The yellow house at the bottom of Exit 32 off I-95, on West Broad Street, Perry House is the oldest house in Stratford.

It was built by Benjamin Beach during the first expansion of Stratford in 1680. The home of a shipbuilder, according to the Perry House Website, the house reflected a community focused on the Housatonic River and sea, with shipping, shipbuilding and fishing.

Isaiah Brown remodeled the house into a “saltbox” in 1740, adding a blacksmith shop. As a member of Stratford’s Committee of Observation, Brown was assigned to identify Tory spies and sympathizers during the Revolution. George Washington passed the house, on what was then known as Kings Highway, no less than seven times, once with the Marquis de Lafayette.

In 1853, William Perry, a respected politician and probate judge, purchased the home for his wife and 10 children. His name continues to be associated with the house to this day.

The west parlor served as a school from 1889 to 1898, and the house saw a succession of owners.

While Interstate 95 was being constructed in the mid 1950s, Jessie Murphy made substantial changes to accommodate three rental apartments. She left the house to the town in her will in 1981, and it was listed with the Department of the Interior two years later.

By 1997, Perry House was in need of renovation, and there was pressure to raze it to provide additional parking for the Baldwin Community Center. The house was saved through the work of concerned residents who recognized its potential as Stratford’s oldest structure at the gateway to Main Street and the historic town center. They still say the house can serve as a symbol of Stratford’s colonial heritage while demonstrating the town’s ability to adapt to the challenges and opportunities of the 21st century.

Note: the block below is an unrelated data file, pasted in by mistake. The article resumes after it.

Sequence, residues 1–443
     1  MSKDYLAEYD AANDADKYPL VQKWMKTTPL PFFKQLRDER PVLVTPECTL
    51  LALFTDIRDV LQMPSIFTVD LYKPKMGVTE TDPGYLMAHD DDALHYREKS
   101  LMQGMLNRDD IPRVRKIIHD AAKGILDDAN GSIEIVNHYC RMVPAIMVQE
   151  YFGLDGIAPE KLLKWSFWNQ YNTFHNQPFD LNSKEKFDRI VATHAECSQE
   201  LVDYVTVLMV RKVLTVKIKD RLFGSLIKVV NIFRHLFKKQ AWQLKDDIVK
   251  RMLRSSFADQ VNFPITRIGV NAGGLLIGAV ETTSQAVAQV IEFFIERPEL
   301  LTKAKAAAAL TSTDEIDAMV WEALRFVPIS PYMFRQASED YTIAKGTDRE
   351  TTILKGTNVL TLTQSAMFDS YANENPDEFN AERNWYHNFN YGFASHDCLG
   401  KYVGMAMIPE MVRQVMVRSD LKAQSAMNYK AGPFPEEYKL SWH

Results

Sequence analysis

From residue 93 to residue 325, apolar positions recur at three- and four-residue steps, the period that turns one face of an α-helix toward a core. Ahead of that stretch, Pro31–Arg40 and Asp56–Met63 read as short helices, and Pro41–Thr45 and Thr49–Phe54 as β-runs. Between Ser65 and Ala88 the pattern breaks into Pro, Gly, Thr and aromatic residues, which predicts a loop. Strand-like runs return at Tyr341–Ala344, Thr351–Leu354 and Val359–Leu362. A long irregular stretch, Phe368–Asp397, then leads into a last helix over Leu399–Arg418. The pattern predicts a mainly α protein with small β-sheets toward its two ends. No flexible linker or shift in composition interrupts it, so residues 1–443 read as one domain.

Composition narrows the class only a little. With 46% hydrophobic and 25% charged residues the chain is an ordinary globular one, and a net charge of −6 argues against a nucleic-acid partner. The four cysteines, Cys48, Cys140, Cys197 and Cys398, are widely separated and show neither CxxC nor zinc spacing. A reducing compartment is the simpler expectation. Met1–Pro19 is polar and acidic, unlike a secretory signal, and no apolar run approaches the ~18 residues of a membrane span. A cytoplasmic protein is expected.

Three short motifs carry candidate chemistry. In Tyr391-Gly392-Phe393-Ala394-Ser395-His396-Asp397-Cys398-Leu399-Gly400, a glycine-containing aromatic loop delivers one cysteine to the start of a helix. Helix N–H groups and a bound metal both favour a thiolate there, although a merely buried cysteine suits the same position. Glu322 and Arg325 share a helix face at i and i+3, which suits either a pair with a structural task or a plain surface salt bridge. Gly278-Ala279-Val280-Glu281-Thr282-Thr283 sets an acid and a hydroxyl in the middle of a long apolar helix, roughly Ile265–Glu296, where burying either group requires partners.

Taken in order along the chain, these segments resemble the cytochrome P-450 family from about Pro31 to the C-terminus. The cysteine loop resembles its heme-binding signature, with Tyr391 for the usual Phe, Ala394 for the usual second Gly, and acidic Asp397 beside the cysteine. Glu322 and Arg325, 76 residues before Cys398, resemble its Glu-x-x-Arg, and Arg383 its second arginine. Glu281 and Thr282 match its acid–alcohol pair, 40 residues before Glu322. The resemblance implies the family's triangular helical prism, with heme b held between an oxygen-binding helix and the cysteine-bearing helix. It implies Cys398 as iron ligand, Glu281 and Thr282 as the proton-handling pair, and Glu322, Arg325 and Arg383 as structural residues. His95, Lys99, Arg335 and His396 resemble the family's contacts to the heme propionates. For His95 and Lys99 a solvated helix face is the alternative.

The Perry House Foundation was established in 2004 to oversee the restoration of the house and to ensure its continuing role in welcoming visitors, teaching history, and participating in the life of the community well into the future.

An expansion is planned, supported by state funds, to allow the house to host more events such as weddings and meetings.

Information can be found at